Leaving them to their own devices or Values-added parenting.

Parenting today faces unprecedented challenges. Never before have parents had to work in the realms of cyber reality as well as what many would regard as normal, real life living.

We have the choice of either adding values to the lives of our children or leaving them to their own devices.

What does parenting online look like? Well it begins offline. Online parenting begins with your children knowing that they are loved, that they are safe because you are protecting them, that you are looking out for them, that they are heard, seen and valued. Children want to know that their thoughts and feelings are valued and will be heard and treasured. This establishes a platform where values can be shared with them, values that are lived offline and carried online as they engage with an unseen/unknown world. Online parenting is merely an extension of offline parenting. Parenting should look the same because you are the same parent and your children are the same children. The values you display and promote in your home should be the same as what is expressed online.

How do you protect your children online? Think about what rules you apply when it comes to stranger danger. How have you taught your children to behave when approached by somebody that they do not know or trust? Apply the same values in an online setting.

  • Do your children get into cars with strangers?
  • Do you invite random strangers into your home or leave your children in their care?
  • Do they do sleepovers at homes where you don’t know the other family well enough or where you don’t have common values?
  • Do they share deep intimate details with someone, a random person on the street or in the mall?
  • Do you enforce a dress code when you go out for your children?
  • Do you invest in locks for your doors, burglar bars for your windows and possibly protective walls, fences and gates around your property to keep dangers out and create a safe space with healthy boundaries for your children to play and feel safe?
  • Do you use passwords, pins or codes to protect sensitive information?

These are just some of the considerations that we apply when looking after our children in the real world. How does that look online?

  • If your child interacts with a person online that they do not know, that person is still a stranger unless they are already friends offline. The same boundaries that exist offline should therefore be applied online.
  • Sharing personal information, in particular about where they live or go to school would not be safe offline, therefore it is not safe online. The same is true for deep personal emotional information. That information should only be shared with trusted people otherwise the possibility exists that a false emotional connection can be formed with someone who they actually should not trust.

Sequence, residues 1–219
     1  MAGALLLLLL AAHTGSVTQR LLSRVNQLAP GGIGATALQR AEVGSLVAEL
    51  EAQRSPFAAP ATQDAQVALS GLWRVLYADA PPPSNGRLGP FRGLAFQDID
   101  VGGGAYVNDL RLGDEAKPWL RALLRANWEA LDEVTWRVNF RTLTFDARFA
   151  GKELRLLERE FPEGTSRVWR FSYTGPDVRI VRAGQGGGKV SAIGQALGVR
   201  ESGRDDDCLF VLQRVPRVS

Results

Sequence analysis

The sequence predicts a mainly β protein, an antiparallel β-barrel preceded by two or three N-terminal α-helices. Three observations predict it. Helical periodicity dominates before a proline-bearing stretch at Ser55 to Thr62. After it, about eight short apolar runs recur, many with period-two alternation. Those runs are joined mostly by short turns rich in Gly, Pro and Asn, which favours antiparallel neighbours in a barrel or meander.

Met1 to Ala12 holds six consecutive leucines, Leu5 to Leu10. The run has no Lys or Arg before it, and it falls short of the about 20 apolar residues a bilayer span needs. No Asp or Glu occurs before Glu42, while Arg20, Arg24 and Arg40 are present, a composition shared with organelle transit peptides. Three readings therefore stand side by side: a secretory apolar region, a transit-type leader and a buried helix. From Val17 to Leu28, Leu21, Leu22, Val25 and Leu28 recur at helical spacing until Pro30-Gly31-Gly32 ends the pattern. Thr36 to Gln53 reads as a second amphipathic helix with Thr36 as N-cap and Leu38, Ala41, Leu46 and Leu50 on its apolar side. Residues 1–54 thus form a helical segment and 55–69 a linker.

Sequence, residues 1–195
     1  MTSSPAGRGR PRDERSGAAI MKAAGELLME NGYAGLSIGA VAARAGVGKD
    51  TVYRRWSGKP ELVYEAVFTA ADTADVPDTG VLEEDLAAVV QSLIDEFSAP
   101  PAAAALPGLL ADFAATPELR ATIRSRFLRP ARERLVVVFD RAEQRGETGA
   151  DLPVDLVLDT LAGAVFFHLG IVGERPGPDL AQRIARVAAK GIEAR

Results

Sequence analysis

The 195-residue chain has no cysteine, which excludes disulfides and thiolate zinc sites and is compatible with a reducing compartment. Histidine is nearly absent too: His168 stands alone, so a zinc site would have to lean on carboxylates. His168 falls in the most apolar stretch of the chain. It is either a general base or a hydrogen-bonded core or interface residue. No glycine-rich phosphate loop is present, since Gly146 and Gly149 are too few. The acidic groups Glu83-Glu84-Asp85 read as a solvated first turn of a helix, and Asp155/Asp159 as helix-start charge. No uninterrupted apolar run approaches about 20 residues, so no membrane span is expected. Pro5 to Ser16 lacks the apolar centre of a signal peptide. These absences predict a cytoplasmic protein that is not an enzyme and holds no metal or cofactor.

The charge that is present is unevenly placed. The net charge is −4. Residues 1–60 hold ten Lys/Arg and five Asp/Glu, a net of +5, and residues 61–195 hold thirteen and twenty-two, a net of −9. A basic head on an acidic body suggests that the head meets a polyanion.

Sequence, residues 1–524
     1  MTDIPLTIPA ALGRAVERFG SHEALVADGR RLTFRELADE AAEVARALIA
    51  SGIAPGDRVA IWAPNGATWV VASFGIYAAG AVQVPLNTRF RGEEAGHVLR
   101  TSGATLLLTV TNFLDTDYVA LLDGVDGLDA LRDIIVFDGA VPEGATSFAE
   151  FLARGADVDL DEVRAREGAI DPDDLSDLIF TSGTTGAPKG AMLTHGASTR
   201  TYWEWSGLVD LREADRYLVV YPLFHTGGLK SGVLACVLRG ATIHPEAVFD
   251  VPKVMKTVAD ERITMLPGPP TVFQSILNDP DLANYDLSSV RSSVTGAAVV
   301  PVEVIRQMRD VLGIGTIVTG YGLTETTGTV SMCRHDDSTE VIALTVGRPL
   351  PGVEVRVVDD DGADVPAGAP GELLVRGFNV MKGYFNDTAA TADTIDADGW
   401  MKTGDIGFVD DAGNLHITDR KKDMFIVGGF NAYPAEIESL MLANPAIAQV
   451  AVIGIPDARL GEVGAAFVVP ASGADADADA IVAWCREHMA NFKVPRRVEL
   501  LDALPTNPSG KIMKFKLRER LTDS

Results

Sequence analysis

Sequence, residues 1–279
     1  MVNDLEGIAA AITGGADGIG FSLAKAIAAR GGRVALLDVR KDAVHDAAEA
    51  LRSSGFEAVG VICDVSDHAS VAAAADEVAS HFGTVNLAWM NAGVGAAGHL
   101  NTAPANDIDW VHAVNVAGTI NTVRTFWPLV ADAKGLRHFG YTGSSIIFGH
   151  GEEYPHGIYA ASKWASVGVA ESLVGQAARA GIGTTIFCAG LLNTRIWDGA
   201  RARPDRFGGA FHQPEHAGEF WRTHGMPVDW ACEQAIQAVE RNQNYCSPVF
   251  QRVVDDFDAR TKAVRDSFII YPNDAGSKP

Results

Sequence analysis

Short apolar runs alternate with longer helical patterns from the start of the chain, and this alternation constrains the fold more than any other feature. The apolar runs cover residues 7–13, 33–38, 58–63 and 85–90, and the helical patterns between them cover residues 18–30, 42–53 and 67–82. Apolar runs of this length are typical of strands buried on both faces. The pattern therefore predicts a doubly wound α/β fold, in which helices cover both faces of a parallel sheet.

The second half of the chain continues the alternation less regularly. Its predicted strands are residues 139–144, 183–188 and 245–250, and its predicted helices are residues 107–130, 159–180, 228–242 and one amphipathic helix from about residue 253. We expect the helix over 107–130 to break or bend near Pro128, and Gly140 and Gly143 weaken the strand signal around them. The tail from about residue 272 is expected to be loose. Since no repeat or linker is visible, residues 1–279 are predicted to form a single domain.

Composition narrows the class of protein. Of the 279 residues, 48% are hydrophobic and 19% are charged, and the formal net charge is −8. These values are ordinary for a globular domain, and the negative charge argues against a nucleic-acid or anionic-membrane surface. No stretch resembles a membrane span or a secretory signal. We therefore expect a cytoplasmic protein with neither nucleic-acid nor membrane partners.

• A dress code offline is appropriate. The same applies online which should be applied to photographs, videos and live video calls. Remember that when an image or video is shared online, that file can be re-shared to tens of thousands of people in a matter of minutes.
  • Protective boundaries around your home are there both to keep dangers out but also to create a space for freedom. This is the purpose of healthy boundaries online. We are free when we know we are safe. Those boundaries can be time-limits, content restrictions, age-restrictions, friends only contacts and device space/area zones.
  • Sensitive information online includes personal details regarding identity, location, contact details, school affiliation, regular social locations, age, online accounts etc. These should be protected using pin codes, passwords etc.

The final area of online parenting that causes the most contention is around privacy on devices. This topic has a variety of positions and as a parent you need to decide what is appropriate in your relationship with your child based on your level of trust with them and their level of maturity.

A few thoughts to consider regarding privacy on devices:

  • Do your children recognise and accept that you are looking out for their well being?
  • Will you children feel comfortable to share with you if somebody approached them online?
  • How will you react or respond to such an approach?
  • Do your children regard online/device privacy as a license for doing as they please?
  • If the devices they are using were purchased by you or are registered to you, then you are liable for their content and what they are used for. This point is particularly important regarding sexting and selfies which may be regarded as child pornography and is prosecutable under the Film and Publications Board Act.
  • Are you comfortable in allowing your children to act online in a way that is contrary to what is acceptable in front of you?

At the end of the day, our children are our responsibility and while they are maturing in their discernment and wisdom, it is our task to guide them into responsible adulthood. We can either be their parents at all times or leave them to their own devices.

If you require assistance in managing your family’s devices, click here.

If you need the guidance of a counsellor to restore family relationships or heal from device induced mental health issues, click here. 


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